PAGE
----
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Title Company 'Sting' Leads to Pair's Arrest : Suspicion Aroused by Forged Documents in Loan Application

February 05, 1989|EVELYN De WOLFE | Times Staff Writer

A title insurance company may not seem a likely setting for a "sting" operation. But, such is not uncommon today in an industry plagued by a proliferation of forged title documents.

H. Collyer Church, vice president and chief counselor for Glendale-based World Title Co., is part lawyer, part sleuth.

He is a former assistant attorney general for the state of Washington and a specialist in insurance underwriting law.

Successful 'Sting' Operation

Last December, Church and others at World Title brought together a mortgage broker, the conservator for the estate of a West Los Angeles widow, her attorney, a banker, a title security guard and bunco and forgery detectives of the Los Angeles Police Department. The successful sting operation, involving World Title personnel and Sgt. Doug Mahoe and his partner, Det. Charlene Reming, led to the arrest in December of two suspects in a forgery-embezzlement scheme, who are out on bail awaiting trial.

Tell-tale signs of fraud in the case surfaced when the title company was asked to insure title to a single-family residence in West Los Angeles.

The request involved a home-equity loan application for $95,000 through a private loan broker. The house was valued at about $150,000.

Records showed that the house had been purchased in 1929 by the previous owners, Harry and Rose Meyers, and that they had executed a community oil and gas lease in 1964.

So far, nothing unusual, Church said. "But our role as a title insurance company is to spot the exception. A title search requires an examination of public records, laws and court decisions to disclose all facts, current and past, concerning ownership.

"A further look through the documents revealed a grant deed from Harry and Rose to the new party, recorded on Nov. 4, 1988. But there was one suspicious detail--a 10-month gap between the date of the deed and the recording date, with taxes on the deed indicating a sale price of $50,000 in January of 1988, well below the market value of comparable Westside properties."

No Commission Issued

Another inconsistency: The signatures of the owners on the 1964 oil and gas lease did not match those on the 1988 notarized deed, which was apparently uninsured and handled without an escrow, Church said. A check with the California Secretary of State's office revealed that no notary commission had been issued in the name used for the notary's signature on the deed.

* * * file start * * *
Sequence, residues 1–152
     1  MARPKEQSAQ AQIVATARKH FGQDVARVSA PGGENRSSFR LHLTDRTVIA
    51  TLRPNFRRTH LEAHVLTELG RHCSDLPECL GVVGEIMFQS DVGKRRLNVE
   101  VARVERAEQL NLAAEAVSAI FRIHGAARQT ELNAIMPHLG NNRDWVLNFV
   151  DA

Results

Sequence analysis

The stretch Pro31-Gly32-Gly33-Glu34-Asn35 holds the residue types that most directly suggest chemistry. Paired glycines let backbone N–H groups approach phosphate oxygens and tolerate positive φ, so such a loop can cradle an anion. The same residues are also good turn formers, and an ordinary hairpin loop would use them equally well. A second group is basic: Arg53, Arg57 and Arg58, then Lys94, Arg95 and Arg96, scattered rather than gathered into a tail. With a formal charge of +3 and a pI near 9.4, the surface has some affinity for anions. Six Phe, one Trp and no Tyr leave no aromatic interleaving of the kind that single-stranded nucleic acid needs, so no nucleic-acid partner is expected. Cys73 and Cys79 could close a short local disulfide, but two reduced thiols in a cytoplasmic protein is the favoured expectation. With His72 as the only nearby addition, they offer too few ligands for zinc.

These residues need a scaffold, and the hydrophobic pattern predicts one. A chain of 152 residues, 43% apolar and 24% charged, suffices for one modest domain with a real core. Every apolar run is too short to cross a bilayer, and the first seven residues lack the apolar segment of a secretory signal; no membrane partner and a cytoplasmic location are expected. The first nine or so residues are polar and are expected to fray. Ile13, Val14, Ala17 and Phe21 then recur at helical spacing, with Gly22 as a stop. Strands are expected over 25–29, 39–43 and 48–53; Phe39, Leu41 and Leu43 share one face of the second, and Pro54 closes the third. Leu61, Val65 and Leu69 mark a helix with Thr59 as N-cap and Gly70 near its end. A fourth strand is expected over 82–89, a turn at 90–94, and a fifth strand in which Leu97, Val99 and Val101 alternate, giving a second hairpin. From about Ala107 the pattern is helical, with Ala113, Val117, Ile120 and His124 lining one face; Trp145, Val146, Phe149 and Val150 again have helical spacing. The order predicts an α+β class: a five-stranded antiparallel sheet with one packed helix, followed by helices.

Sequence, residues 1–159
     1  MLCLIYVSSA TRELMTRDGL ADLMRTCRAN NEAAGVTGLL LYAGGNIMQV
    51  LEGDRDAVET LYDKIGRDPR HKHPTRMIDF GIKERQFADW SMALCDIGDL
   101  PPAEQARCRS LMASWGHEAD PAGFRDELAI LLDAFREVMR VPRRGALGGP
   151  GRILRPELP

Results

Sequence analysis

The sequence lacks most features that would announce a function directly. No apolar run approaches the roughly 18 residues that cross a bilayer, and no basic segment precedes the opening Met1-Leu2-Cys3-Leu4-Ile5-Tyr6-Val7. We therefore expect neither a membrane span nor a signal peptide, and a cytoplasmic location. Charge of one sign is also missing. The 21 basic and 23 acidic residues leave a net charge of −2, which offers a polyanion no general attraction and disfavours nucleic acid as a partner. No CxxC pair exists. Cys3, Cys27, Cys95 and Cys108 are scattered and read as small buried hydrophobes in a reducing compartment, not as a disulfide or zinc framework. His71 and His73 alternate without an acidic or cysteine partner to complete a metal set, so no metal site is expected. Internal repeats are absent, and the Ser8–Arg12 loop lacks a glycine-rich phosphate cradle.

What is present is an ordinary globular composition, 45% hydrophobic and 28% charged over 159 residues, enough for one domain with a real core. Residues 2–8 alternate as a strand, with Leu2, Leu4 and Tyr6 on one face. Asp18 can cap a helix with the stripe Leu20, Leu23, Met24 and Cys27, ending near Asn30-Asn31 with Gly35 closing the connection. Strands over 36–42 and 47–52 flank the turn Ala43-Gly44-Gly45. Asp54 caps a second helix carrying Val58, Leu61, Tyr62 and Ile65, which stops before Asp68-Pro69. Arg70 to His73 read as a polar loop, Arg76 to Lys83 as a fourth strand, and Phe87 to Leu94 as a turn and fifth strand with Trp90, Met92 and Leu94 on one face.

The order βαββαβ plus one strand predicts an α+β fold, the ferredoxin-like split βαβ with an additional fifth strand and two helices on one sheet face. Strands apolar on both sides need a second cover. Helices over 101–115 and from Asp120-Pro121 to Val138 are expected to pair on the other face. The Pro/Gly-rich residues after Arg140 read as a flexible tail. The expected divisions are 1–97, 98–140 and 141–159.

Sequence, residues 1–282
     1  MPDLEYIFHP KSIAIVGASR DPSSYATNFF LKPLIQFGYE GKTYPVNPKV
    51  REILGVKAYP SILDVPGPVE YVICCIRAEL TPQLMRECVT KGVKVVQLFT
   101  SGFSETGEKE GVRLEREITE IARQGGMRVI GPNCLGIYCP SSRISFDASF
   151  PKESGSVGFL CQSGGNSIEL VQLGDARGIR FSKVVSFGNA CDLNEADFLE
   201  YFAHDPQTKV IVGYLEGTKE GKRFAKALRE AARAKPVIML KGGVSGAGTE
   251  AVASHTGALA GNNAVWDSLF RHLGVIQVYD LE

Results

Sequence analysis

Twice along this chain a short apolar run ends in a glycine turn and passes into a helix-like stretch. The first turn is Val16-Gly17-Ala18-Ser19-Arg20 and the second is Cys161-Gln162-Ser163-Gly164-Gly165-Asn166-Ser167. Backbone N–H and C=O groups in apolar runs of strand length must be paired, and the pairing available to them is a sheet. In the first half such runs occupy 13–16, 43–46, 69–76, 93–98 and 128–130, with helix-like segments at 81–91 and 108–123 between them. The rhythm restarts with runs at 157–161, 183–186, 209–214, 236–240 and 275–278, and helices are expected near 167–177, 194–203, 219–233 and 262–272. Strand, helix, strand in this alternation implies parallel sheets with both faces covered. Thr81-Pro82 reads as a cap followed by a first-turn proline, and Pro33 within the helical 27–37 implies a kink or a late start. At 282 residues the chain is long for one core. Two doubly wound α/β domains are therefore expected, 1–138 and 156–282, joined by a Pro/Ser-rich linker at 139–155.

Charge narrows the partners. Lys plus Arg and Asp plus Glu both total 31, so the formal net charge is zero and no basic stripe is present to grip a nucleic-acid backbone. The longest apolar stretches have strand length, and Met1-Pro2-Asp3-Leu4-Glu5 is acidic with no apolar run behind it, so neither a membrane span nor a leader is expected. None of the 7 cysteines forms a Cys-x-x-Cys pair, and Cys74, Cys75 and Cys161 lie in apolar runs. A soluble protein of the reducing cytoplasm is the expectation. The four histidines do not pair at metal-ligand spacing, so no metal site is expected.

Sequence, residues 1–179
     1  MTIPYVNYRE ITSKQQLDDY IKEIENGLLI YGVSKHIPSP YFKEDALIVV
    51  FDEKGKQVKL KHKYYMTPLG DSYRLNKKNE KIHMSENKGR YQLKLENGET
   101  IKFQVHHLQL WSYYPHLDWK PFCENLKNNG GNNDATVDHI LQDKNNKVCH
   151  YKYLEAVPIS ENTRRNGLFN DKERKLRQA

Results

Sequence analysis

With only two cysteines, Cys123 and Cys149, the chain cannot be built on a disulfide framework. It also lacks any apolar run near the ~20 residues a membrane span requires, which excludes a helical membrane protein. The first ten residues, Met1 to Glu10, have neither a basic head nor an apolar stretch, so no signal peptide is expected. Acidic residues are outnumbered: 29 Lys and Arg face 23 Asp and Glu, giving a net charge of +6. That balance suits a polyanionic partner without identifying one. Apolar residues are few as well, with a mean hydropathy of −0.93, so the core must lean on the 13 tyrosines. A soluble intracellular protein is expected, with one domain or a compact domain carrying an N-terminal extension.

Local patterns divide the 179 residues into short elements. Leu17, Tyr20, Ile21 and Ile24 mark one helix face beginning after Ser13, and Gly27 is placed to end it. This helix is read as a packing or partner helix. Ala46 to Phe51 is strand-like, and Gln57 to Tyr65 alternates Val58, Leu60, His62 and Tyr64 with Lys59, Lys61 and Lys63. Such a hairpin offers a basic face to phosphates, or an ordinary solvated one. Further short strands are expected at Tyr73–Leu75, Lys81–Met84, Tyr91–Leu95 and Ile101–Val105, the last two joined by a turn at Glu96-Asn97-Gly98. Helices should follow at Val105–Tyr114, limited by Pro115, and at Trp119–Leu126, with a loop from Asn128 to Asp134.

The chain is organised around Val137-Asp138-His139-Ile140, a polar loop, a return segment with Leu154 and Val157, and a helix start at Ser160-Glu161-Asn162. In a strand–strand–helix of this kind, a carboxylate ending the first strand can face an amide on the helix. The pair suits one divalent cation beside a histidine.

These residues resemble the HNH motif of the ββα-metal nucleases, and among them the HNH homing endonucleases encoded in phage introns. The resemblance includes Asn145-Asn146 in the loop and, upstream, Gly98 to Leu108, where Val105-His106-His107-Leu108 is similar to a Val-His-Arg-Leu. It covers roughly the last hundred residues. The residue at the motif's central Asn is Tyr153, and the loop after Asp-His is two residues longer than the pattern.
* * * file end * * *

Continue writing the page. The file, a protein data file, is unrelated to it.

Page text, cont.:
"After calls to Harry and Rose, answered by a phone machine, and a check of the assessor's rolls and telephone directory, we learned from neighbors that Rose had been taken to a convalescent home a few months before and that Harry had been deceased for three years," Church said. "Rose's nephew-conservator was contacted and a quiet-title action was initiated for a lis pendens notice (a pending suit that would block any transaction on the property)."

The mortgage broker told the loan applicant that he would have to deliver a statement of confirmation from the sellers to World Title, before the money would be paid. A detective posing as a title officer arrested the suspects when the money exchanged hands.

"It was a very satisfying experience for all of us," Church said. "It saved the widow the expense of clearing her property and saved the loan broker $155,000."

Title insurance can provide important protection to the homeowner and it is important for the seller or buyer of a property to understand what it does, Church said.

"For one thing, it does not insure against errors, such as boundary lines; it is the responsibility of title officers to check for any discrepancies as to boundary lines. I've done work on farmland, for example, where property lines followed rivers and were marked by trees.

"But over the years, the rivers had changed and the trees had been chopped down. Often we have to get statements from neighbors on either side, agreeing to what is assumed to be a rightful boundary," Church said.

World Title has identified the following as danger signals that the consumer should be alert to:

--A deed, mortgage or deed of trust is usually insured today and if it is not, it should be examined closely.

--To increase the apparent equity in the property, a forger will place on record a forged release of mortgage or reconveyance of deed of trust. A release of this type will usually occur independently of any other real estate transaction.

"We also look carefully at drop-in customers, excessive demand for speed by the customer and a property that is vacant, in which case we require additional verification of the identity of the seller," Church said.

Fraud can be treated either as a misdemeanor or felony. A misdemeanor conviction can lead to a sentence of not more than one year in county jail; a felony sentence could be a year or more in a state penitentiary.

Church said he plans to submit proposals to strengthen legislation dealing with possession and control of notarial seals.

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